Stories

How wigs help children handle hair loss

Our hair affects how we look and feel, and sudden, unwanted change is difficult to deal with. For young people with cancer, hair loss is often one of their biggest fears. A good wig can make a huge difference. Photographer Carmel King documents some of the processes and people involved with a charity providing beautiful human-hair wigs for kids.

Photography by Carmel King|words by Helen Babbs

  • Photo story
Photograph of a young girl in her living room, sat on a sofa. She is wearing a knitted grey jumper and ripped black jeans. She is holding a straight haired pink wig in her left hand and stretching out a few strands of hair with her right hand. She is looking down towards the wig with a slight smile on her face. In front of her is a foot stool, on which is another wig, this time blonde with a plait. The wig is supported in a mannequin head. Behind the young girl is a wood burning stove, a canvas artwork of a flower and a bookshelf containing DVD and family photographs in frames.
Teiva at home. © Carmel King for Wellcome Collection.

Teiva was nine years old when she found out she had leukaemia. Her first question when she understood that leukaemia meant cancer was, “Does that mean I will lose my hair, Mummy?” Her hair was long and blonde, and it felt like an important part of who she was and how she fitted in. For Teiva’s mum, Dawn, answering that question was one of her worst moments.

But they were determined to be positive, chatting about how Teiva could have fun with fancy hats and wear wigs in whatever colour she wanted, even pink. Treatment began just three days after diagnosis, and Teiva’s hair quickly started to fall out. She cut it into a short bob, then shaved it off once she left hospital.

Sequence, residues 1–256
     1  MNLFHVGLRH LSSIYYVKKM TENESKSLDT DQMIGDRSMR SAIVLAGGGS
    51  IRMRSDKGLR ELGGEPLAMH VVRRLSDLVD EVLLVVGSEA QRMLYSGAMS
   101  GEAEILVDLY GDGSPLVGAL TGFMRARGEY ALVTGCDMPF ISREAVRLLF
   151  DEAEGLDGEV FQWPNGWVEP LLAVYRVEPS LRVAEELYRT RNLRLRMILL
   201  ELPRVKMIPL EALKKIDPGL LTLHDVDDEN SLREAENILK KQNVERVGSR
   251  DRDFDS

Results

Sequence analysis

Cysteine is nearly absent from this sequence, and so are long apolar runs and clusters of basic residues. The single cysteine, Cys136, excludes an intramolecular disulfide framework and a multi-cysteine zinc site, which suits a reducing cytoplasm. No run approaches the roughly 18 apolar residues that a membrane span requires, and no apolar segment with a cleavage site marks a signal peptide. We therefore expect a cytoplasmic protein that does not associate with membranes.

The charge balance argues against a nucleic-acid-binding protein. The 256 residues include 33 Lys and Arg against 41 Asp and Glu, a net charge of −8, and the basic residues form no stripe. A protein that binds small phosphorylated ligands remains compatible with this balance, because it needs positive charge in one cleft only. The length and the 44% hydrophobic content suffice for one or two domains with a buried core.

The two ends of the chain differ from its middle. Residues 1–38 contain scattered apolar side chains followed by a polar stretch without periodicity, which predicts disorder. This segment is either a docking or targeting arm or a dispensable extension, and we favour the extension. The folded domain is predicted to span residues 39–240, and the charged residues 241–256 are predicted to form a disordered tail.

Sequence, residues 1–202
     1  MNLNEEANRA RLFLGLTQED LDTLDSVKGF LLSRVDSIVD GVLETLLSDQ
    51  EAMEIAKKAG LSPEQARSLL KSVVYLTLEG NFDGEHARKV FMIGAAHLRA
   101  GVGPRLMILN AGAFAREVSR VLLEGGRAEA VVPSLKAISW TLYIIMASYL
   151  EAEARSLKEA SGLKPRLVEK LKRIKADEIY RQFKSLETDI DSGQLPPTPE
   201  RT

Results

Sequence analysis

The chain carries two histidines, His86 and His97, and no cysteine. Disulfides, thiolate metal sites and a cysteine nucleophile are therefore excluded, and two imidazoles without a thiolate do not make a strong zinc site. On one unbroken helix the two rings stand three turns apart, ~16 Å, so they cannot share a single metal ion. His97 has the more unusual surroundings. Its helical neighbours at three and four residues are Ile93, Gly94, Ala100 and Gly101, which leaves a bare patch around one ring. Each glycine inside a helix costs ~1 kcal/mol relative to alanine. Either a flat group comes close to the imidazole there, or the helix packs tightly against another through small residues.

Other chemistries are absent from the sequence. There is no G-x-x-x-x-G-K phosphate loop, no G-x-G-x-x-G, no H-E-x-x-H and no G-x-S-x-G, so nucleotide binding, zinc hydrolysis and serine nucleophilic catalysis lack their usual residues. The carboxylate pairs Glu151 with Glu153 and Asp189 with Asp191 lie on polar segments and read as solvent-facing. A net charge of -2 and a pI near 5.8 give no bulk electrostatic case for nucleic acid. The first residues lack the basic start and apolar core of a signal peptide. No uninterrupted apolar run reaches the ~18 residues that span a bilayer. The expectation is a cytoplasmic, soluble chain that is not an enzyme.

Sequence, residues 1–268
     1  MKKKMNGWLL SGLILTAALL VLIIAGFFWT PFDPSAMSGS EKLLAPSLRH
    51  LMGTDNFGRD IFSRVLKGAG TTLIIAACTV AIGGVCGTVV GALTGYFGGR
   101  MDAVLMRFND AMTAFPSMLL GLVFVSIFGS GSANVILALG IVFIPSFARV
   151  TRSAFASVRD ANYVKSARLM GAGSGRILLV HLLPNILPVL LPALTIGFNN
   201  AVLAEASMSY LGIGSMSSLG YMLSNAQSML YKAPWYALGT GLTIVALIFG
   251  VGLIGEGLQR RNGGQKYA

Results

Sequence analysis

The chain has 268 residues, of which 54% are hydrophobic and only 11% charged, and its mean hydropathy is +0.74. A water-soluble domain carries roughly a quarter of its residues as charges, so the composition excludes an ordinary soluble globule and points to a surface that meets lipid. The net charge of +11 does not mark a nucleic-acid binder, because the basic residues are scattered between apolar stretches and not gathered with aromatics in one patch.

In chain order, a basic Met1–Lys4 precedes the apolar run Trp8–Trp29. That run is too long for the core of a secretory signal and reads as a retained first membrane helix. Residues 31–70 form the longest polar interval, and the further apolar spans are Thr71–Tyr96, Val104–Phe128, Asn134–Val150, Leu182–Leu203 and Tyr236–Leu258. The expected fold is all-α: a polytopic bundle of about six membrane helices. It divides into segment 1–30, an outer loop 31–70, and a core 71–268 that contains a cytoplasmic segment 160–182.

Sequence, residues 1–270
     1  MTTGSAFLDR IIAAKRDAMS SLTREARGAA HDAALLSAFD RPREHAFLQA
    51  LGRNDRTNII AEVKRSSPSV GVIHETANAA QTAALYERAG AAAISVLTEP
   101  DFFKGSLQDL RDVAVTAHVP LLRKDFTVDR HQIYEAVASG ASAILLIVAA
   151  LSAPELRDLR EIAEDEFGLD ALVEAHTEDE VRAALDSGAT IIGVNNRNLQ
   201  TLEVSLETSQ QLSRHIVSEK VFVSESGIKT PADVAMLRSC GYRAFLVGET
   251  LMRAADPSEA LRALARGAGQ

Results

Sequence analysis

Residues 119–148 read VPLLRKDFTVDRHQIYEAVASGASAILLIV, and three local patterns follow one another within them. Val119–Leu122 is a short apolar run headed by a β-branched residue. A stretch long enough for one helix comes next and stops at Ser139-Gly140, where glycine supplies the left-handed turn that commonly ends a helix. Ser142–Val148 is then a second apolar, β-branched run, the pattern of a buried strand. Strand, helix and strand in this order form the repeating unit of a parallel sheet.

Wigs are expensive, and Dawn was relieved to find out about a charity providing them to young people for free. Within days of contacting the Little Princess Trust, Teiva was sent a top-quality, hand-knotted wig made from donated human hair, closely matched to her own hair colour and length.

Remembering what it was like to wear the wig for the first time, Teiva says, “It felt really nice that I wasn’t the odd one out any more. I got a lot of funny looks when I was bald, but I was normal with my wig on. It made my head very hot, but I loved it. I wore it quite a lot when I first got it. Then I started to wear it at certain times – for school, or going to the shops, or special events.”

Teiva’s hair grew back fluffy and thin. It was about an inch long when further treatment meant she lost it again. She was entitled to another wig and this time the charity dyed it a gorgeous shade of pale pink. It arrived just in time for her tenth birthday. Teiva was thrilled.

“I would never let her dye her hair, but oddly enough the pink wig was fine,” says Dawn. “We ended up preferring it over the natural one.”

How the Little Princess Trust helps young people

Teiva was so happy with her experience with the Little Princess Trust that she has recently become an ambassador for the charity, which was founded 15 years ago in memory of Hannah Tarplee.

Hannah was four when she was diagnosed with cancer in 2004. She loved her hair and had three drawers in her dressing table full of ribbons, bobbles and clips. Losing it had a profound impact.

Hannah’s mum, Wendy, explains that her daughter’s hair loss was most difficult when they were out. “You’d see the stares and sympathy looks, and she would soak them up. It’s such an obvious visible sign that you’re unwell, and it robs them of their identity.” Her parents struggled to source a suitable wig, but it made a huge difference to Hannah once they did.